I’m looking forward to tomorrow’s day at the office.


I’m watching old private pilot videos from the 60s and 70s on YouTube. I need to go flying. Very soon.


After taking our weekend visitors Jeff and Mark to O’Hare for their flight back to Raleigh-Durham, I decided to take some time to go on one of my little urban adventures in the city. I decided to head out to the western neighborhoods, and I began my journey on the Red Line so I could transfer to the Blue Line and head out to the Northwest. That’s how the Loop-oriented CTA lines work in Chicago.

As I made my transfer from the Red Line to the Blue Line at Lake, I followed the trail of folks with luggage looking to make the transfer so they could head to O’Hare. In the CTA stations there are plenty of posters and other reminders to “walk left, stand right” on the escalators, and during the week daily commuters do an excellent job at observing this rule. It’s rare to see someone clog up the escalator.

On the weekend it’s a completely different story.

A young woman was standing next to her luggage on the escalator, staring at her phone, clogging up the folks trying to pass on the left. Just as I was perfecting my glare (along with others), the escalator came to a abrupt halt.

Not a big deal. For the uniformed, when an escalator comes to a stop, it simply becomes a staircase. The escalator stops, so you walk up the stairs and you easily reach your destination. It’s not a difficult concept.

Except below me on the escalator some woman started screaming as if the station had been plunged into darkness, a portal to Hades had opened, and the compartment was being filled with some sort of noxious gas. (I promise I wasn’t “crop dusting” the escalator on my way up).

Bewildered by this screaming, other patrons on the now stopped escalator took this as some sort of wailing cue and started hustling up the escalator rapidly.

I believe my response to all of this was, “Settle down, Loretta”. I then proceeded up the escalator in a calm fashion, threading my way around the woman blocking the path because she hadn’t figured out what was happening yet, and I made my way to the Blue Line.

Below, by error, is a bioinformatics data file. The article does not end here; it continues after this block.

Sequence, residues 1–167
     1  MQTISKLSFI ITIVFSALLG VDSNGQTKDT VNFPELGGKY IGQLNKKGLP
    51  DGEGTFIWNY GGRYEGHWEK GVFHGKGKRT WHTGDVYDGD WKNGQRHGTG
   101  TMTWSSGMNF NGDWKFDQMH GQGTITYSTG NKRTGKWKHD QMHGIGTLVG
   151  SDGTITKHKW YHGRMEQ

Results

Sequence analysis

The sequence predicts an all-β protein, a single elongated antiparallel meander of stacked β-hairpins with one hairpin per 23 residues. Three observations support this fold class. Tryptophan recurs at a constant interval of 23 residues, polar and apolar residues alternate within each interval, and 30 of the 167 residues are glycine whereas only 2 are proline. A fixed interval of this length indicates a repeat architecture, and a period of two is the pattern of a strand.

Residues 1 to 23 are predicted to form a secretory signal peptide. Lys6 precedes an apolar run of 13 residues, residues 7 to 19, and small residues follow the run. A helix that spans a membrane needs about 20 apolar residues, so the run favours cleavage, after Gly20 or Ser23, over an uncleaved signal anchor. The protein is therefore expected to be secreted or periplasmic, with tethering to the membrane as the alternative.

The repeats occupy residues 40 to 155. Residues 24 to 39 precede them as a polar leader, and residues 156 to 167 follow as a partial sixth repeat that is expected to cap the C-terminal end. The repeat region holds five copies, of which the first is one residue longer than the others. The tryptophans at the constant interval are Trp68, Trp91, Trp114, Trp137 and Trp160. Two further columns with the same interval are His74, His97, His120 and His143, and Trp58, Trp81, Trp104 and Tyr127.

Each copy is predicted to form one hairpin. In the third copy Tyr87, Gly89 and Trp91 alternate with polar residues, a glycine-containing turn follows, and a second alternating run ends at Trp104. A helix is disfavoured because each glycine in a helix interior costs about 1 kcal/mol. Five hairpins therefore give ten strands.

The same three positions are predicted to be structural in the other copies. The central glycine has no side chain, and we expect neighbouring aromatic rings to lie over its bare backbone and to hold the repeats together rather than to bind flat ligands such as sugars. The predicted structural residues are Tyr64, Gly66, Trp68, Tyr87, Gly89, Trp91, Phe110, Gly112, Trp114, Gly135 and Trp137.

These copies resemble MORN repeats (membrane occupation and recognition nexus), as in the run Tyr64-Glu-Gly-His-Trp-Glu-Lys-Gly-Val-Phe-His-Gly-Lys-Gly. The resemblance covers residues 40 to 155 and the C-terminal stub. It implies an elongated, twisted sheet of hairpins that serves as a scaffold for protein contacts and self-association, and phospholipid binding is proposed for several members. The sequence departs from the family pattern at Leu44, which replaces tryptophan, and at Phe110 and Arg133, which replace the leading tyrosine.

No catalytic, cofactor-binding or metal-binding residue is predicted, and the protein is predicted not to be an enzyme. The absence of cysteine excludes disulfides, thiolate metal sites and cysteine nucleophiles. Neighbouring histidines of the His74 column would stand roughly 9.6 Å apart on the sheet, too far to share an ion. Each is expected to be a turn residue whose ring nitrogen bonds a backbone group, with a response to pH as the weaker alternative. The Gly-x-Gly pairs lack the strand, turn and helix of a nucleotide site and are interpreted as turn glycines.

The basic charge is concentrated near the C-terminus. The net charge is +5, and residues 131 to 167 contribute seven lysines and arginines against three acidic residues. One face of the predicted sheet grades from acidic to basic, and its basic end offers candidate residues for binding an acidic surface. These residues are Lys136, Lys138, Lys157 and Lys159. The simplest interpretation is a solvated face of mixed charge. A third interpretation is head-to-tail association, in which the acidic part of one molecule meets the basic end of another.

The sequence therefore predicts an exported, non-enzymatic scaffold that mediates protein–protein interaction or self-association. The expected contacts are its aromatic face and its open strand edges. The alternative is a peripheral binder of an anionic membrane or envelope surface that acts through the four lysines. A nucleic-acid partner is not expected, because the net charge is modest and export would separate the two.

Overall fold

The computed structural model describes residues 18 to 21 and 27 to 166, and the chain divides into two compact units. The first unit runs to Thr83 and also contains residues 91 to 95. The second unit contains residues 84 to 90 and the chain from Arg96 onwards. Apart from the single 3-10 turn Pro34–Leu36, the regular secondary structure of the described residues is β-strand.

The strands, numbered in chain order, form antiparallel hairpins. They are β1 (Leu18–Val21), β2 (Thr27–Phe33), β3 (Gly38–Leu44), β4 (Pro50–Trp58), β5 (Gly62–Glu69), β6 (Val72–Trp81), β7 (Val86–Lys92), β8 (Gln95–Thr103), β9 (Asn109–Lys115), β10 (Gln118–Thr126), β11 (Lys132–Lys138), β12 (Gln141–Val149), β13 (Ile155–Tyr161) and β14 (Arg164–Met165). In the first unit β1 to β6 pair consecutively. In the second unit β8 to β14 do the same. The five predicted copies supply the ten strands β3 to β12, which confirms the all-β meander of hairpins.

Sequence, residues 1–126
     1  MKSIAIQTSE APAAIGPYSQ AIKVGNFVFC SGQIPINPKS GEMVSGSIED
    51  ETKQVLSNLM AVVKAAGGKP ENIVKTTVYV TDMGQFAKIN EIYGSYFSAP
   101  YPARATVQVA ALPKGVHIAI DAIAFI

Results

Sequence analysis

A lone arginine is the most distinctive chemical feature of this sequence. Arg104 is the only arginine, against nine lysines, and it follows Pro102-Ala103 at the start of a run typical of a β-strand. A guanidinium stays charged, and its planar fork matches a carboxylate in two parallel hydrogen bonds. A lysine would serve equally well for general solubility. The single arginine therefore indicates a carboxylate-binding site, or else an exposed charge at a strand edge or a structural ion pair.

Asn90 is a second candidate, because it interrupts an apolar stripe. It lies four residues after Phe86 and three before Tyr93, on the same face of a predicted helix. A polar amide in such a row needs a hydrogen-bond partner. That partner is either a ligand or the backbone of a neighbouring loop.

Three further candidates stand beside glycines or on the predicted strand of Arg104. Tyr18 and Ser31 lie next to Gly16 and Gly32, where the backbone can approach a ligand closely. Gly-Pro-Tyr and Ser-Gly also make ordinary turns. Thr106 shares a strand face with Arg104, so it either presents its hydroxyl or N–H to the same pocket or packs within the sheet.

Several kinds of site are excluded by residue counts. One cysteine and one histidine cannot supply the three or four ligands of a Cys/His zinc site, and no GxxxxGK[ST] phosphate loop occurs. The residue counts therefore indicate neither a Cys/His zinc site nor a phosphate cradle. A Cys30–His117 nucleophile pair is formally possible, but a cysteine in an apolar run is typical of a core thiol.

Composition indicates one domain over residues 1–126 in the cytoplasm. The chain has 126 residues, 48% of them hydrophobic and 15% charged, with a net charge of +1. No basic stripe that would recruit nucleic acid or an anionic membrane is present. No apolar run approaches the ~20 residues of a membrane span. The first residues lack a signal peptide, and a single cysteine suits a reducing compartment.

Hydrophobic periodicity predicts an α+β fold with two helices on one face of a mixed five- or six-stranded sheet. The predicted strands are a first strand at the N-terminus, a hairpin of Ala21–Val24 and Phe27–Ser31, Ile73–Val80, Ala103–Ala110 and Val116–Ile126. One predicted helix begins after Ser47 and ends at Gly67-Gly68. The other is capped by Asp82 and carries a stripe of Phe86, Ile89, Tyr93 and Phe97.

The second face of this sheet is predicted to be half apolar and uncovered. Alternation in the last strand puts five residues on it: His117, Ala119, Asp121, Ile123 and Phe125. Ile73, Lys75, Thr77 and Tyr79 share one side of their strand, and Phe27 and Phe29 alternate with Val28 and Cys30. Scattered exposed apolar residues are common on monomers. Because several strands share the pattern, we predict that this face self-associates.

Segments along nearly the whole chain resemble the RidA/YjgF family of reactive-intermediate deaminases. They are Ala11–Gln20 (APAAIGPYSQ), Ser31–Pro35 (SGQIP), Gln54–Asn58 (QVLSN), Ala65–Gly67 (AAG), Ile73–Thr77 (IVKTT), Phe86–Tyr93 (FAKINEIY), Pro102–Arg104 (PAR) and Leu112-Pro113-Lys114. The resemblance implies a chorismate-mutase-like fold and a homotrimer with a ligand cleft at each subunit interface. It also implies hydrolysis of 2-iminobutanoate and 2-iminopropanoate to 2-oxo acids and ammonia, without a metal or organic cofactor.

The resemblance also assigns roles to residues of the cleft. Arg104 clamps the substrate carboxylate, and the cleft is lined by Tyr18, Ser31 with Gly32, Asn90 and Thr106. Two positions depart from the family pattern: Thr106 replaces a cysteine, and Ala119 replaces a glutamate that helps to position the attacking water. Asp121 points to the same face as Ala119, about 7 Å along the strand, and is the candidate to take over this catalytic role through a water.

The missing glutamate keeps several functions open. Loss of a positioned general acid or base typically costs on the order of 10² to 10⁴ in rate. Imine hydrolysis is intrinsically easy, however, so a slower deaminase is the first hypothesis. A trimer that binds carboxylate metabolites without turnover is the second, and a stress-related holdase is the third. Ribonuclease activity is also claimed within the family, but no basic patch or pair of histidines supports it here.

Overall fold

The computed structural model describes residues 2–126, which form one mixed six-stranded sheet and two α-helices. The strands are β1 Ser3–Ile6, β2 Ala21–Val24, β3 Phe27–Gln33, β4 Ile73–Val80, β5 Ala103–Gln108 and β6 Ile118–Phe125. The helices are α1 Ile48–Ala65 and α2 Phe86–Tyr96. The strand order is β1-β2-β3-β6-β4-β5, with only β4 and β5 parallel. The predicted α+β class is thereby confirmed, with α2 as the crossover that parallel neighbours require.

People need to calm down.


Our friends Jeff and Mark from North Carolina were in town for a visit over the weekend. While Earl worked the Cubs game, we took the opportunity to drive out to Oak Park to visit Frank Lloyd Wright’s Home and Studio. He left the complex in 1909.

I’ve always been a fan of Wright’s architecture and I wasn’t disappointed with the visit to the Home and Studio in Oak Park. While this particular group of buildings was not in his well known “Prairie Style”, the design of his home and studio were definitely his work. Moving from room to room, one is “compressed” into a small space along the hallway and then “decompressed” for a grand entrance into the next room. His office was three stacked octagons, and the work studio has chain used to suspend the roof and ceiling out in plain view, instead of hidden in walls like you’d find elsewhere.

The Preservation Trust has done a magnificent job in bringing the site back to its 1909 glory. When the Trust took over the property in 1976 it had been an apartment building and a dormitory, among other things. One stairwell is still in its 1976 condition and it’s evidence of what good willed people can do when they put their mind to it.

I’ve never understood this American trend of ripping down beautiful downtown areas in the interest of “Urban Renewal”, and I will never understand how someone can take a gorgeous, historic, and obviously unique building and carve it up into a bunch of apartments.